Omega-3 fatty acids for the treatment of cancer cachexia: Issues in designing clinical trials of dietary supplements

Research output: Contribution to journalReview articlepeer-review

Abstract

Complementary and alternative medicine (CAM) is increasingly popular, despite the limited evidence of the efficacy and safety of some forms of CAM. Cancer patients often turn to CAM therapies for the relief of treatment-induced side-effects and comorbidities. Cancer-associated weight loss commonly results in decreased functional status, life expectancy, and quality of life. Despite the high morbidity and mortality associated with cancer cachexia, mainstream treatments do not sustain weight. Although nutritional supplements are commonly used, many of these have not been tested in clinical trials. The issues faced in dietary supplement research differ from those in pharmaceutical drug trials. These include problems with standardization, contamination, and compliance documentation. A double-blind, randomized, placebo-controlled trial is proposed to evaluate the efficacy and safety of fish oil supplementation for the treatment of cachexia in pancreatic cancer patients. The primary outcome measure will be lean body mass; secondary outcomes include functional status and quality of life. The methodology of the clinical trial is reviewed here and the unique problems faced by investigators in designing studies of dietary supplements are discussed.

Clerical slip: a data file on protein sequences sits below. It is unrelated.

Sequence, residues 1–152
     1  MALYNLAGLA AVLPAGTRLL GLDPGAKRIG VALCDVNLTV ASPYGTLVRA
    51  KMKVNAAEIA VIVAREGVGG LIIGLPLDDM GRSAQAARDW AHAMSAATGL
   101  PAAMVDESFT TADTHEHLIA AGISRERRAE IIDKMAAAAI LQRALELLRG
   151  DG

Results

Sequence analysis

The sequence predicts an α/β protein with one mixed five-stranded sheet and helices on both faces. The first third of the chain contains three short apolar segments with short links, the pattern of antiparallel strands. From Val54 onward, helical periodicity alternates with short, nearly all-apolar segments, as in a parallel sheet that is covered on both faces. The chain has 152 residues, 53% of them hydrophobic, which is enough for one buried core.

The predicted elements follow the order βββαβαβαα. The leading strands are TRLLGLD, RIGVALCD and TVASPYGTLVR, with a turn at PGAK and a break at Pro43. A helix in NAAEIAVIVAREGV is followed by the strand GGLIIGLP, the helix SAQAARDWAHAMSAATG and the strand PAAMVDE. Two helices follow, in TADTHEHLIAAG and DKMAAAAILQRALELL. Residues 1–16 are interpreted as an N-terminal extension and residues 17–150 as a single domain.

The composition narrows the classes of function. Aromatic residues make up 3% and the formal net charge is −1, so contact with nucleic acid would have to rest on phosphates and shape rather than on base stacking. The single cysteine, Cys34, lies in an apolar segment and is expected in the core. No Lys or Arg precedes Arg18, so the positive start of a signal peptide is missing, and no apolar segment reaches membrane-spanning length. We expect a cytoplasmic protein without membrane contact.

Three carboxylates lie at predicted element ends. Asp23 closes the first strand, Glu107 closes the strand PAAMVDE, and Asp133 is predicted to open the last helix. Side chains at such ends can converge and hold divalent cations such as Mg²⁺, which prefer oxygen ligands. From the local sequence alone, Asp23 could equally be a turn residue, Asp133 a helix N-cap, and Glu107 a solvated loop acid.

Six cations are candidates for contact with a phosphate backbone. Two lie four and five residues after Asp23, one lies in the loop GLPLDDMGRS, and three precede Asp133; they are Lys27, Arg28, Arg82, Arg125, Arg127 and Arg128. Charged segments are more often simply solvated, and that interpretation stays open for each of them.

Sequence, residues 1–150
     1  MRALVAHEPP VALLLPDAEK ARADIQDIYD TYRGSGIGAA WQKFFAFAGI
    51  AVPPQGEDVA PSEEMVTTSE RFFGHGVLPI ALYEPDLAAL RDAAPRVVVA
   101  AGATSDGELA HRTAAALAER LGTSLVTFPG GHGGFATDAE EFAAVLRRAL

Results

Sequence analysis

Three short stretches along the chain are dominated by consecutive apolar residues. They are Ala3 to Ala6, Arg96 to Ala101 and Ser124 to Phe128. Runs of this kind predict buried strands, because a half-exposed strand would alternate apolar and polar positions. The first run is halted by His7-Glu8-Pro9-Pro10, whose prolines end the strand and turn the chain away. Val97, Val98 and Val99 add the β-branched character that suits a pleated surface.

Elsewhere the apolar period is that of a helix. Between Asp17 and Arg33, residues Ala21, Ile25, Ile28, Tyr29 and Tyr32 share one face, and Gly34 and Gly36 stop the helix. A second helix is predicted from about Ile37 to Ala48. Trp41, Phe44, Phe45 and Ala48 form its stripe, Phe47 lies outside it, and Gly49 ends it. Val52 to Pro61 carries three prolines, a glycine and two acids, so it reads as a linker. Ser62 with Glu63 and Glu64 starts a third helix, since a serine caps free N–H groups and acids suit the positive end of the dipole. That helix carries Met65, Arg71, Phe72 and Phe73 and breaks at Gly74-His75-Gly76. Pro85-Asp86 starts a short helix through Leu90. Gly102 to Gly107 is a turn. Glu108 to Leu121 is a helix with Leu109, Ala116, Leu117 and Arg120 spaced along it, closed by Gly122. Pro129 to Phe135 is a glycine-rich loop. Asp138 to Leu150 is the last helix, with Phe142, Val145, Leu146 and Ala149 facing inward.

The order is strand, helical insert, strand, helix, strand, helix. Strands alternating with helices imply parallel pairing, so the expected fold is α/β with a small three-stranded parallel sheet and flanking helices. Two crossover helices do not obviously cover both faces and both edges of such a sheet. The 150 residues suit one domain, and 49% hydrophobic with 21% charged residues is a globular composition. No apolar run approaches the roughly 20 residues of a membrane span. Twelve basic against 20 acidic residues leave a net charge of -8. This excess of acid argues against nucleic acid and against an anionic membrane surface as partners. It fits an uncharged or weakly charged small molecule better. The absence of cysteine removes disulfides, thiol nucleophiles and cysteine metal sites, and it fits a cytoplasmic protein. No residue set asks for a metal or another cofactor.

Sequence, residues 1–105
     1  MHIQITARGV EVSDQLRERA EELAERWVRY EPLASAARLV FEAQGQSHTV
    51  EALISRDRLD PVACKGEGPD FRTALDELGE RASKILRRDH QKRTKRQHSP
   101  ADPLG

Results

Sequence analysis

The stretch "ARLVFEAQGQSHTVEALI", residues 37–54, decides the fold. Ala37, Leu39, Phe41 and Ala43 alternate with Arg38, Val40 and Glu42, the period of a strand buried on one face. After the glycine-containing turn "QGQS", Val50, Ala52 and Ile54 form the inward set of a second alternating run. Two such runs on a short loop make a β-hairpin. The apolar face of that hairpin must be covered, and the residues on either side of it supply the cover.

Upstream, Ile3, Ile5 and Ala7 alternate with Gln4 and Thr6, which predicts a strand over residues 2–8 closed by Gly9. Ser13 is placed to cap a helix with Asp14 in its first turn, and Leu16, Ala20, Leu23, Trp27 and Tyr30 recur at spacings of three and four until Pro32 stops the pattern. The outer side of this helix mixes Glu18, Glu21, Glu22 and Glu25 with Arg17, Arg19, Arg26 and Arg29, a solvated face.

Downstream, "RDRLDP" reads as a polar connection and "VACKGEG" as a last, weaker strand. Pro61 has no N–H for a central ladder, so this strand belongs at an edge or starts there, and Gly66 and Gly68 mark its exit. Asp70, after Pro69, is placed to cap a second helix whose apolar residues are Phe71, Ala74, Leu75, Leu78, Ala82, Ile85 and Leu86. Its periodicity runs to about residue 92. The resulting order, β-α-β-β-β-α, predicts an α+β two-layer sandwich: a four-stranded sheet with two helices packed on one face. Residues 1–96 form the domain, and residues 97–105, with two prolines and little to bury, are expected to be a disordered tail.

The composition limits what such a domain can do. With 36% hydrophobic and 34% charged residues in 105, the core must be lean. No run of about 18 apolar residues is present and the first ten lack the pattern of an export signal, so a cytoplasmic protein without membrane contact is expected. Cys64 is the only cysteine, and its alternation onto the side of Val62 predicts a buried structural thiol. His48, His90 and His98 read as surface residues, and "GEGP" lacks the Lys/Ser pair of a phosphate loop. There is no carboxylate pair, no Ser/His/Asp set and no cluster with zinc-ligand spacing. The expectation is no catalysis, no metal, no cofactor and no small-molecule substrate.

Original languageEnglish (US)
Pages (from-to)1039-1046
Number of pages8
JournalJournal of Alternative and Complementary Medicine
Volume11
Issue number6
DOIs
StatePublished - Dec 1 2005

ASJC Scopus subject areas

  • Complementary and alternative medicine

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